Sunday, June 13, 2010

Who is pissed at who?

I may sound like a broken record, but again I question my media strategy. Ever since Spike TV contacted Little People of America in November of 2009 about the Half-Pint Brawler reality program, I've been gripped by the build up and debut of the reality program that follows a group of little people who are wrestlers. I was interested because, even though the wrestlers embrace the m-word, the Spike Network seemed to distance itself from language. For this reason, in the last few weeks leading up to the pilot debut of the program, when media asked for a comment on the show from LPA, I stayed away from talking about the show itself, but used the opportunity to speak about language. The goal being not to spark any controversy about the show itself, but to continue to bring attention to the negative impact of the m-word. In hindsight, maybe it's obvious that if the media, or the network, wanted controversy to bring attention to the show, the could probably find it in anything negative LPA said.

At first I was happy with media coverage about the show. The New York Times and a few other outlets ran stories that included LPA's stance on language, but try to create controversy where there was none. Some people were angry LPA wasn't going after Spike TV for producing a program that reflects traditional stigmatizing roles for little people, and a few people wanted us to challenge The New York Times for limiting their pieces that include dwarfs to stories about archaic entertainment (earlier they covered the park in China), but I thought our approach to the Half-Pint Brawler show was the most practical.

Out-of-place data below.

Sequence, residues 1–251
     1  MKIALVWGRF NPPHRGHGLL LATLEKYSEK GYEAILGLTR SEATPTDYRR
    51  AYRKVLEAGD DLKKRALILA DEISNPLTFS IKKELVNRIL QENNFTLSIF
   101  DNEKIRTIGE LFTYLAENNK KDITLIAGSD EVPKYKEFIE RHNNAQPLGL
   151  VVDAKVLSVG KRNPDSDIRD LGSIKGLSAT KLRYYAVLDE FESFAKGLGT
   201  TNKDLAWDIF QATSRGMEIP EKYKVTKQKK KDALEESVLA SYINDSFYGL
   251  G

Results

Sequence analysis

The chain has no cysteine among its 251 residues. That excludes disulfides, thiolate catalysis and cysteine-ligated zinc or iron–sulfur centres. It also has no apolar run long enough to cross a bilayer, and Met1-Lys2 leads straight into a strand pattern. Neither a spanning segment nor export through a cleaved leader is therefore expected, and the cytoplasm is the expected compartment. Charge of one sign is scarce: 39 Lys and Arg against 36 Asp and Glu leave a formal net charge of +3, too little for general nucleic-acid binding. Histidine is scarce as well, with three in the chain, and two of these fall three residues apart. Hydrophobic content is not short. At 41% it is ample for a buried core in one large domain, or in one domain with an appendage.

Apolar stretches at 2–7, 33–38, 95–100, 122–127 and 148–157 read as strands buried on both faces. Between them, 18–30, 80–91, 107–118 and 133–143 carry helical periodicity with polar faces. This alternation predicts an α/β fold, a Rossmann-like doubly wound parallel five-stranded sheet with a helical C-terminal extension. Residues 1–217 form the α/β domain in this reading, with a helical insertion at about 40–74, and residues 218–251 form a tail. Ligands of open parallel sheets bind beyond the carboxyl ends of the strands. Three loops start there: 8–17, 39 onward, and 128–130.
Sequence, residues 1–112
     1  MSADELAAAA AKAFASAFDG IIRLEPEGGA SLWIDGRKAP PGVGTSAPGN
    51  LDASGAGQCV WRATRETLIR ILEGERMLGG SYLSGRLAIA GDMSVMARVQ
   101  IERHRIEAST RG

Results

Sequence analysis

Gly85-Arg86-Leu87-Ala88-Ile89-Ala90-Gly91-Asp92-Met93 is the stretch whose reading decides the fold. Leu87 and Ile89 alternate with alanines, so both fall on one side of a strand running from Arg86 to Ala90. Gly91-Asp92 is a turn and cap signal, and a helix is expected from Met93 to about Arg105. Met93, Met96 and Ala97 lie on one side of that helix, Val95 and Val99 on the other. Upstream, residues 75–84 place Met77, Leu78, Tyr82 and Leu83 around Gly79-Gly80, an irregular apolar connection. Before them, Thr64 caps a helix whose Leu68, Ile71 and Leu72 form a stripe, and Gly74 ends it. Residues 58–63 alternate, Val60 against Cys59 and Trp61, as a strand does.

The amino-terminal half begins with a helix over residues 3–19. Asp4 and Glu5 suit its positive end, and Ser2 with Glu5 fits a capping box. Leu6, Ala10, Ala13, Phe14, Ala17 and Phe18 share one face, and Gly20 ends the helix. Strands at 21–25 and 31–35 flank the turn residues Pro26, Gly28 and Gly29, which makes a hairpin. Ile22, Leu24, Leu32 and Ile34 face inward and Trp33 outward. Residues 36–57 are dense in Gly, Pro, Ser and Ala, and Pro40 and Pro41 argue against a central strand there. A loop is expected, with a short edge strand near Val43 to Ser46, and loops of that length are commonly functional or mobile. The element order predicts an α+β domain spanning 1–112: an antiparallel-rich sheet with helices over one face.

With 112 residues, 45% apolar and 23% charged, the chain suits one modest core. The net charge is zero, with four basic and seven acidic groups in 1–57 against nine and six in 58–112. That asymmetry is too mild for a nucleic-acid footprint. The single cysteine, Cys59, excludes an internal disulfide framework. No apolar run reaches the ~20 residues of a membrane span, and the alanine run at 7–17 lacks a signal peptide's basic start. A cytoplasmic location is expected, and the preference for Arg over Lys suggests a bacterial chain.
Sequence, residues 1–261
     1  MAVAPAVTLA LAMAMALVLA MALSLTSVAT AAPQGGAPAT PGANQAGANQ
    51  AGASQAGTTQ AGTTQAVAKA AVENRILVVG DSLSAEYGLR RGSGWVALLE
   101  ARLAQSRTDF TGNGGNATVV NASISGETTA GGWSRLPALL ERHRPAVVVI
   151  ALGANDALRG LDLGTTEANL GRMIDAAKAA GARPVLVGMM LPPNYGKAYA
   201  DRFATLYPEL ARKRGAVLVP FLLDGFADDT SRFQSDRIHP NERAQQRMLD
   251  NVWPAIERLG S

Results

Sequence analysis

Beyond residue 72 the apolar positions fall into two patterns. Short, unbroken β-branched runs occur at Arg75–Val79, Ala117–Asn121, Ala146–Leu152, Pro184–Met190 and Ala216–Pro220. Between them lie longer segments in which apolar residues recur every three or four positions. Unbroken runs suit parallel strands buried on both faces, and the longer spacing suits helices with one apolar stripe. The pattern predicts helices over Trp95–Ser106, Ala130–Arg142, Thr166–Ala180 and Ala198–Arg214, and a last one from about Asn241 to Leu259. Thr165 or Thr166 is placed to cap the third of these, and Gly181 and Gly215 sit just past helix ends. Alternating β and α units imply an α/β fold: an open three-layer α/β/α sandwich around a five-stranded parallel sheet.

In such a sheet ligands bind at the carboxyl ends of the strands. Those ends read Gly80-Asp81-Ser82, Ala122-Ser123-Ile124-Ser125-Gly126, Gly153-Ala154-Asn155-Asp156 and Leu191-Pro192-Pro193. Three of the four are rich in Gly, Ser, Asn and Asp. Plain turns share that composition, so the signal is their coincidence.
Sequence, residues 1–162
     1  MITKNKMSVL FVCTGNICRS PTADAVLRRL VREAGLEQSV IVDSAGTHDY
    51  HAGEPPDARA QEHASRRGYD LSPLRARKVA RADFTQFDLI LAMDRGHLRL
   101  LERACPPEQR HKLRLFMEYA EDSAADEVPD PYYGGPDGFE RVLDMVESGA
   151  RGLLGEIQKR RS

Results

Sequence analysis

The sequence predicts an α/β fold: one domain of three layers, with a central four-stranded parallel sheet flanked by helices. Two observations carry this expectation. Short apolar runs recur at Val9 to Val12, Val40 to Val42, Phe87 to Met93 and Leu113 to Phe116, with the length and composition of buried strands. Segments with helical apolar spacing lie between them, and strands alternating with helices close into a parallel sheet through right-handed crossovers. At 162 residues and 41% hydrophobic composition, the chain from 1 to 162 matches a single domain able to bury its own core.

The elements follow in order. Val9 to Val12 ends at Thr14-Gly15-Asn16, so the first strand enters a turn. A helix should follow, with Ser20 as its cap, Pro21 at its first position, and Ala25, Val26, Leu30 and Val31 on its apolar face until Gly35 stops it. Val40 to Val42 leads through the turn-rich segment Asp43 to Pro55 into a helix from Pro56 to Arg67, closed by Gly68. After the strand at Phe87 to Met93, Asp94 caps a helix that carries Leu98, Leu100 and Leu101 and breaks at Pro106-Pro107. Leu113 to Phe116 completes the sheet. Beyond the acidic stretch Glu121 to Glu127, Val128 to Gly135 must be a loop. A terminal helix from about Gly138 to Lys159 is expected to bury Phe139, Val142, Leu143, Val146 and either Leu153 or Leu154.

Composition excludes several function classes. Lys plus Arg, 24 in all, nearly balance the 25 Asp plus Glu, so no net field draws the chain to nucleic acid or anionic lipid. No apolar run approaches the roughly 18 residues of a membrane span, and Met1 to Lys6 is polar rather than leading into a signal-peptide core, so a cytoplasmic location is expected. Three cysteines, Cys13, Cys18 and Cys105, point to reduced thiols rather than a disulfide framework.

Following the pilot episode, in came a few more media requests for comment. Not wanting to push my luck, I sent an email reply with a generic statement about why we believe the m-word is negative and what it does to promote negative stereotypes. Most recently, a request came from TMZ. Though TMZ may be the web version of the Enquirer, I've always appreciated TMZ because they've recognized and observed concerns from people of short stature about language. I sent TMZ the generic email.

From the statement I sent, TMZ wrote this lead, "A new reality show is pissing off ... LPA." They then wrote, "LPA claims the m-word on the show is just as offensive as 'guido' on Jersey Shore." I work hard to be somewhat entertaining when I speak and when I write, but I could never develop such a colorful analogy as TMZ suggests. Give them credit though for writing "The m-word."

The New York Post got into the act also, writing a story based upon a story published by AOL - who I sent the generic email. Like TMZ, the New York Post suggested LPA was "pissed off" at Spike.

I guess, if I wanted to eliminate any possibility of bringing more attention to the show, LPA shouldn't have said anything at all related to the show.

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